Hundreds of landlords have been fined in a crackdown on illegal immigration.
Penalties totalling £163,000 have been issued under the Right to Rent scheme since the start of 2016.
Fines were issued to 236 property owners between the start of February 2016 and June this year – a rate of around one every two days.
The controversial Right to Rent scheme was introduce in England in February 2016, following a trial in the West Midlands and requires landlords to check prospective tenants’ immigration status and refuse housing to those without the ‘right to rent’ in the UK.
New figures published by the Home Office reveal the number of landlords fined has more than tripled in just over a year – although the figure still represents only one in 20,000 landlords.
Between April and June this year – the latest statistics available – 76 penalties worth £47,700 were issued. This compared to 14 fines with a total value of £13,800 in the first three months of 2016.
In addition to civil penalties, new criminal sanctions were introduced at the end of last year, meaning landlords could face up to five years in prison and unlimited fines for getting it wrong.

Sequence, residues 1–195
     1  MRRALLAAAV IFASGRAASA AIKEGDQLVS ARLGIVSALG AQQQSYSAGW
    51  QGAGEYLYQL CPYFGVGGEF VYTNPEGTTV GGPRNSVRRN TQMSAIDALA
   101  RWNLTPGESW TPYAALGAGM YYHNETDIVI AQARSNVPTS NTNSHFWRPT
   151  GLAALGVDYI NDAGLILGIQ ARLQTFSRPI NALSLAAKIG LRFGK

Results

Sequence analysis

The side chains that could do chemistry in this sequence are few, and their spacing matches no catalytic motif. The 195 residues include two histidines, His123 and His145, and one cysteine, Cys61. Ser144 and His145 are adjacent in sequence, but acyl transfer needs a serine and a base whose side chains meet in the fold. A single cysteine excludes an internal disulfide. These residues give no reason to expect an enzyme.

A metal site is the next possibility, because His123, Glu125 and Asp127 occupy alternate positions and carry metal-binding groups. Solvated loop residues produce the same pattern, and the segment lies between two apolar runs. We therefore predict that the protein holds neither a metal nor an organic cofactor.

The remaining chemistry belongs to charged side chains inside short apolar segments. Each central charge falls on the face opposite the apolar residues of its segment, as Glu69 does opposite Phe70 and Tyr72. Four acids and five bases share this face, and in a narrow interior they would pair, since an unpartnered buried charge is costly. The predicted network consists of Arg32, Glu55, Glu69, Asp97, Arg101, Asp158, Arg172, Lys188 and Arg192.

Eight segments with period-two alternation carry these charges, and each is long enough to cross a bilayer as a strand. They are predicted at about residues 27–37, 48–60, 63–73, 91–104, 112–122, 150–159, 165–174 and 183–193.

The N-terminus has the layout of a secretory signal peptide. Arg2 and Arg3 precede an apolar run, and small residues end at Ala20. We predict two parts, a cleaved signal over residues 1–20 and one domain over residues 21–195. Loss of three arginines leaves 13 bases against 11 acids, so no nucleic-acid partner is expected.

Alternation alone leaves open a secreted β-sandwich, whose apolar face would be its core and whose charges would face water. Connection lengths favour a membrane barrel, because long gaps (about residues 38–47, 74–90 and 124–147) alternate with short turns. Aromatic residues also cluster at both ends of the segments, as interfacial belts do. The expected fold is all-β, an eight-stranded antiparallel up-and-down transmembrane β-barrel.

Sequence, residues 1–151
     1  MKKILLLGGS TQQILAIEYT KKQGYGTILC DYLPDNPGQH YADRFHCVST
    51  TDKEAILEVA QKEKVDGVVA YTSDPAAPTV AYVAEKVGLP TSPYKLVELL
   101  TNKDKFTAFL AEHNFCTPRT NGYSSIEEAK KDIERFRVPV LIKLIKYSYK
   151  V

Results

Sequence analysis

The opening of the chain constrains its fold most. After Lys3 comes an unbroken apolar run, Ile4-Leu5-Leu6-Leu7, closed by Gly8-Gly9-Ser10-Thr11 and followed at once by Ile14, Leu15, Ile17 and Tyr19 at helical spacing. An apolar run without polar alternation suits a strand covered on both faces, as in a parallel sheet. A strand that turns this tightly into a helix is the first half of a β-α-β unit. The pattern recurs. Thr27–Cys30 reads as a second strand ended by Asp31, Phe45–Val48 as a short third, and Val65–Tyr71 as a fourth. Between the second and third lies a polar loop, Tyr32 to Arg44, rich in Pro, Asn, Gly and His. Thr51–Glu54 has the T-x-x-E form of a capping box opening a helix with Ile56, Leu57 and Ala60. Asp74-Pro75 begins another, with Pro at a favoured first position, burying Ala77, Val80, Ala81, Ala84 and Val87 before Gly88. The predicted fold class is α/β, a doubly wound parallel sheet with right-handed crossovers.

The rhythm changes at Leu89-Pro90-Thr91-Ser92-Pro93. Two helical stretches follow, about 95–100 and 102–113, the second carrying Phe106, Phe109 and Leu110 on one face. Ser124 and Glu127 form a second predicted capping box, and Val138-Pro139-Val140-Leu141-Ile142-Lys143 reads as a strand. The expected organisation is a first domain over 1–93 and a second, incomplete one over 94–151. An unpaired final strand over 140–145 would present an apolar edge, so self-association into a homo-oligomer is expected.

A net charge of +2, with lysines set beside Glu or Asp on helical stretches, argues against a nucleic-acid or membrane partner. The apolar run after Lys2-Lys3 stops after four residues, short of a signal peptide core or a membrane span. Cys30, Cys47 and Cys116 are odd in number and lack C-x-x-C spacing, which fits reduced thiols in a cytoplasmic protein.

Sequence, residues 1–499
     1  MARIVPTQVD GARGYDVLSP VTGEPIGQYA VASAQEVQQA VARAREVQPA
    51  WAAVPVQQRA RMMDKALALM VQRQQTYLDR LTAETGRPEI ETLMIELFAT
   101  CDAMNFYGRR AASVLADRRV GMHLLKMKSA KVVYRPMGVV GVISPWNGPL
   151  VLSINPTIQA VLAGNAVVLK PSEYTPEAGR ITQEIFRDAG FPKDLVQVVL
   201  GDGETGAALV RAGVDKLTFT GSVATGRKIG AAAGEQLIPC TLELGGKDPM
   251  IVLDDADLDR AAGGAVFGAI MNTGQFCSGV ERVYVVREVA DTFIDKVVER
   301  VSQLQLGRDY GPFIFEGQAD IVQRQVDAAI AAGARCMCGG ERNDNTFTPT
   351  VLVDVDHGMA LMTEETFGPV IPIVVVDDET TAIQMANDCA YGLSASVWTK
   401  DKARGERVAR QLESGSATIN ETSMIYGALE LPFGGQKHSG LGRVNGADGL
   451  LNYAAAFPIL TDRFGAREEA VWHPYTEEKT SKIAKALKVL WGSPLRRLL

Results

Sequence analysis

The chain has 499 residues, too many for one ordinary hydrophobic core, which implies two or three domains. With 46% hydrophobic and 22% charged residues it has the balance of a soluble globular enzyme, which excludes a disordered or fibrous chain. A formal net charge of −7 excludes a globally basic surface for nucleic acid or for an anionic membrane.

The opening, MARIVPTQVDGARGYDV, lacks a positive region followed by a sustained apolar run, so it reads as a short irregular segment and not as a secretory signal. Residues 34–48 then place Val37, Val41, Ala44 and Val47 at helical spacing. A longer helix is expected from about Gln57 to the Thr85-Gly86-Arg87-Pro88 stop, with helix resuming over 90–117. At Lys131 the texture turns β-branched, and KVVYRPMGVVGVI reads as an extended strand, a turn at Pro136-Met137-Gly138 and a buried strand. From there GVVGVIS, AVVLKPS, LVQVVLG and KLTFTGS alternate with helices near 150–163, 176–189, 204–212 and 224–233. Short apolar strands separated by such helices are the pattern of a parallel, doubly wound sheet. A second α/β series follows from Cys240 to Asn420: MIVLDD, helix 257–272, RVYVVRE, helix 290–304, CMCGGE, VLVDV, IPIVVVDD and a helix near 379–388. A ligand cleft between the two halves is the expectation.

The RLA has warned the government that the checks are creating a climate of fear amongst landlords – and that landlords who have no wish to discriminate are being forced to do so by the scheme.
This means people who have a full right to rent a home in the UK are being disadvantaged, along with others who should be able to access housing.
The RLA found that 43% of landlords were less likely to rent to those who do not have a British passport because of the fear of criminal sanctions for getting it wrong.
In addition, 63% of landlords are worried that they will make a mistake or be caught out by forged documents and be unfairly fined.
However Immigration Minister Brandon Lewis said the scheme is working. He said: “We believe in creating an immigration system which is fair to people here legally but firm with those who break the rules or who enable others to do so.
“We regularly meet with representatives from the private rented sector, local authorities and housing charities, to discuss and monitor the scheme.
“Landlords can avoid the risk of a civil penalty by conducting simple and straightforward checks on tenants’ documents in accordance with Home Office regulations.”
The RLA runs an online Right to Rent course examining the legislation and its application in detail.
For information and to book click here.